A Judge at the Chile Challenge

Fourteen green chiles. Which one was the best? That was the task Saturday, when I agreed to be a judge at the local Rotary Club’s annual benefit Chile Challenge.

I was one of the eight judges, evenly divided to review green or red chile. I chose green.

A green chile from my garden


So while the crowd downstairs decided which chiles and beers were their favorites — for the people’s choice award — we judges were sequestered in a room with carafes of water and ice tea, plus wedges of tortillas. Runners brought small cups of chile made by local restaurants and the high school’s culinary arts program. The cups were numbered so we wouldn’t know who made which chile.

We were to rank each, on a scale from one to ten, on such factors as texture, color, heat, flavor, and overall. I had three cups in front of me at the start but decided I needed more to give a solid evaluation.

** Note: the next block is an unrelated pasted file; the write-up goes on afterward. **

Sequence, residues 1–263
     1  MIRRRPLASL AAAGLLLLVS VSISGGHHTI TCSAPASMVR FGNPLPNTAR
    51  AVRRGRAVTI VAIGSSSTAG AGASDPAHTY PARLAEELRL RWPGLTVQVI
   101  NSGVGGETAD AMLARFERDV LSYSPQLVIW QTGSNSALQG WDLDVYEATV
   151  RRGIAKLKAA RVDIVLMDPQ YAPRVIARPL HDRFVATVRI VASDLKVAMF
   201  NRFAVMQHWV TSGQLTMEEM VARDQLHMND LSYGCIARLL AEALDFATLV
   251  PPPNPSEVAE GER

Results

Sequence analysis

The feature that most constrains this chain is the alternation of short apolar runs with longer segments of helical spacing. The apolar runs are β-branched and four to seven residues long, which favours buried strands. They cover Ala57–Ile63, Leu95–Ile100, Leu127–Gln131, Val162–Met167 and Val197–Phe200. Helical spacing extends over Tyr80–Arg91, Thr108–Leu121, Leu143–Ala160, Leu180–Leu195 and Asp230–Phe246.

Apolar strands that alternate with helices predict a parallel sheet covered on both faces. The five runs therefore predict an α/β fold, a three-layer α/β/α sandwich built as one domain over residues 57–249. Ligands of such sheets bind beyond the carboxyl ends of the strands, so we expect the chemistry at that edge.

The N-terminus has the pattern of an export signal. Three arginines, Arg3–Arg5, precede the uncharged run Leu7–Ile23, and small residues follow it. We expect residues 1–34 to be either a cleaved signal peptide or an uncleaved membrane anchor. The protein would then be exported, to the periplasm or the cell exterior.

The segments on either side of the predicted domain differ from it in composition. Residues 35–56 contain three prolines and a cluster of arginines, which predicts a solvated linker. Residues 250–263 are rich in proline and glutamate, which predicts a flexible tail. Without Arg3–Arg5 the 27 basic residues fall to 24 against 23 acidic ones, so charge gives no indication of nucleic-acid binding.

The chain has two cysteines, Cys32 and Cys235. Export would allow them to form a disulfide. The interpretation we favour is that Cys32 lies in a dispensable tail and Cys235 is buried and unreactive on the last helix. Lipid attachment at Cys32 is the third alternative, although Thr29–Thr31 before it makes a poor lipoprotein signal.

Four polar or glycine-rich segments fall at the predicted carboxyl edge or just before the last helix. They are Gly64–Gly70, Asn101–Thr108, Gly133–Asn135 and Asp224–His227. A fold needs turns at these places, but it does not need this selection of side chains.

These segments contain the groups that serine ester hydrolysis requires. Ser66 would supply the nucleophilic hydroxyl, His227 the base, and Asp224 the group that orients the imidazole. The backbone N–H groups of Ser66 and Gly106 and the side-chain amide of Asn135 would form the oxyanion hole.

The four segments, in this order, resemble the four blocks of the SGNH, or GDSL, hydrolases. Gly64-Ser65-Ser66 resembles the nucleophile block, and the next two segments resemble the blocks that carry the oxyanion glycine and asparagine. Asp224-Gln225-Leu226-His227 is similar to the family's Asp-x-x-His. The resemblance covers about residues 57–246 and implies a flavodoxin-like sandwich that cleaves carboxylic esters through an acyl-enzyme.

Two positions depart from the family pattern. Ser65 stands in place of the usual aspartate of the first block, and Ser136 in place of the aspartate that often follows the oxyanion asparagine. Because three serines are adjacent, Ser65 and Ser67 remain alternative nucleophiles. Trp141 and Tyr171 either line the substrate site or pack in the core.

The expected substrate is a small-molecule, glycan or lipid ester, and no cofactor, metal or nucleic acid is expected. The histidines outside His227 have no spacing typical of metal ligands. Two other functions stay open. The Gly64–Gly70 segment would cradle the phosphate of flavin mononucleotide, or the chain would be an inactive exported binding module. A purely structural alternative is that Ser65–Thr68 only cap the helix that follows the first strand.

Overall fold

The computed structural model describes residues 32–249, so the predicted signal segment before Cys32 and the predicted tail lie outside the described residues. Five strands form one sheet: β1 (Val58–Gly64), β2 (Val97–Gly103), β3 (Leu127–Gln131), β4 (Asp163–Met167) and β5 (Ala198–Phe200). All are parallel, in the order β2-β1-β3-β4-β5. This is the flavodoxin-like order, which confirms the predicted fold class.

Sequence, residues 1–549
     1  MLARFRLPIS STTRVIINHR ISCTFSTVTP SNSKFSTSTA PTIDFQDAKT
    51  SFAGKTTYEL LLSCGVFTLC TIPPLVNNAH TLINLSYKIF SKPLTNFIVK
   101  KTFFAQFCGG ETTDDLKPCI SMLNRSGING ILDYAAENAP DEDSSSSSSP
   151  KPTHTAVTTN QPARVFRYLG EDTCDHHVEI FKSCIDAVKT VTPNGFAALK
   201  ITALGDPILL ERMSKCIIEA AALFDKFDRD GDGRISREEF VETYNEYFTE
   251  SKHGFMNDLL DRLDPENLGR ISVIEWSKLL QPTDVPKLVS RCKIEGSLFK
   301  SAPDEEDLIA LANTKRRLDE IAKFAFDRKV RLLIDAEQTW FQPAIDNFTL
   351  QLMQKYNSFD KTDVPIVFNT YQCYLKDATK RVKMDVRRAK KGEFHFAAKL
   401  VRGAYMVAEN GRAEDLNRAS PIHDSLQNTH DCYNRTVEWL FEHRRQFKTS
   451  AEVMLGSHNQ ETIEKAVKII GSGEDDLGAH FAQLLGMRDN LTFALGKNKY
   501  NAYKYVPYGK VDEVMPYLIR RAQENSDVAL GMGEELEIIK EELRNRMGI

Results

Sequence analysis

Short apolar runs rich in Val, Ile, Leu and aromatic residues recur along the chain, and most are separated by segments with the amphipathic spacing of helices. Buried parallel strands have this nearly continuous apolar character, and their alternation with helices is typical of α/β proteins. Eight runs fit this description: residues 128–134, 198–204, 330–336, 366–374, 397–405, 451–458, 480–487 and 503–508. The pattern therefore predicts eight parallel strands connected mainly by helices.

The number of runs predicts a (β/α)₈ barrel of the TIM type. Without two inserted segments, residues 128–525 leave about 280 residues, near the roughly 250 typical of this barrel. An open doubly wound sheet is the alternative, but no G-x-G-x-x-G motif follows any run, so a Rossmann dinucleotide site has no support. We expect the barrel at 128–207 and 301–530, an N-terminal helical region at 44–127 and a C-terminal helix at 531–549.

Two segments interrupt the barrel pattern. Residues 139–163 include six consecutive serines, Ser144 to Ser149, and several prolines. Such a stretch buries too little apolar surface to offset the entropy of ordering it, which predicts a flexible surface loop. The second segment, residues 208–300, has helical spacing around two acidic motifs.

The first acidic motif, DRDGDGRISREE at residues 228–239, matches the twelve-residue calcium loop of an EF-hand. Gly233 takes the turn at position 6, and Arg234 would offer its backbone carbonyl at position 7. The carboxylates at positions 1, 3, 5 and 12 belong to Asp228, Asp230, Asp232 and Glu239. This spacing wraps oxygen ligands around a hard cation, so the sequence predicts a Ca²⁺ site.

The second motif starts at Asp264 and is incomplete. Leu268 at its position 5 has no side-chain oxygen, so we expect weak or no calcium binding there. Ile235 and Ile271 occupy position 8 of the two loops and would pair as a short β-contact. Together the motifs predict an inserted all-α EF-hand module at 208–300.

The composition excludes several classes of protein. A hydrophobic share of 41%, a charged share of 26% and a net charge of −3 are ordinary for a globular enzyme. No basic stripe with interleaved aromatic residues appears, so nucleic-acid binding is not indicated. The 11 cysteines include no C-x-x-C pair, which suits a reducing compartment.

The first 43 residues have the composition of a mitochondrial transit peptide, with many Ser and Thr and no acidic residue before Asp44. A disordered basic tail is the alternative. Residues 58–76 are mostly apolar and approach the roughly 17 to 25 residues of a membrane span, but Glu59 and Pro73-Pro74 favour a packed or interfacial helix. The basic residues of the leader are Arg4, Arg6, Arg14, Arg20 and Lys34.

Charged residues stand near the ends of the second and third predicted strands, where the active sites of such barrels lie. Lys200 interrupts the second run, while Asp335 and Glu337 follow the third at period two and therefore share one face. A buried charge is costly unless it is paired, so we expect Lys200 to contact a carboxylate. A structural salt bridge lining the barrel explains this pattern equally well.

I like my green chile to be hot but not too hot. The texture should have almost the consistency of a sauce. And I like deep flavors. 

The cups came faster. No one chile was the same. Some contained posole or corn. Others had bits of chicken. 

Clearly the chile-loving judges in the room enjoyed their task. We spent more time tasting than talking.

We sent out for napkins and one of the judges brought packets of tissues. The carafes were refilled.

I kept tasting each chile in order. Between samples I took a bite of tortilla and a sip of water. I ranked each to the best of my ability.

My favorite? No. 14, which had a good smokey flavor and texture, with a bit of corn. I turned in my score sheet.

So who won? I still don’t know which chile came from which chefs. I left when it was announced voting would end for the People’s Choice Award in 15 minutes. I had another place to go.

Irregardless, no. 14 was my winner. I gave it a 10 and I ate every bit of it.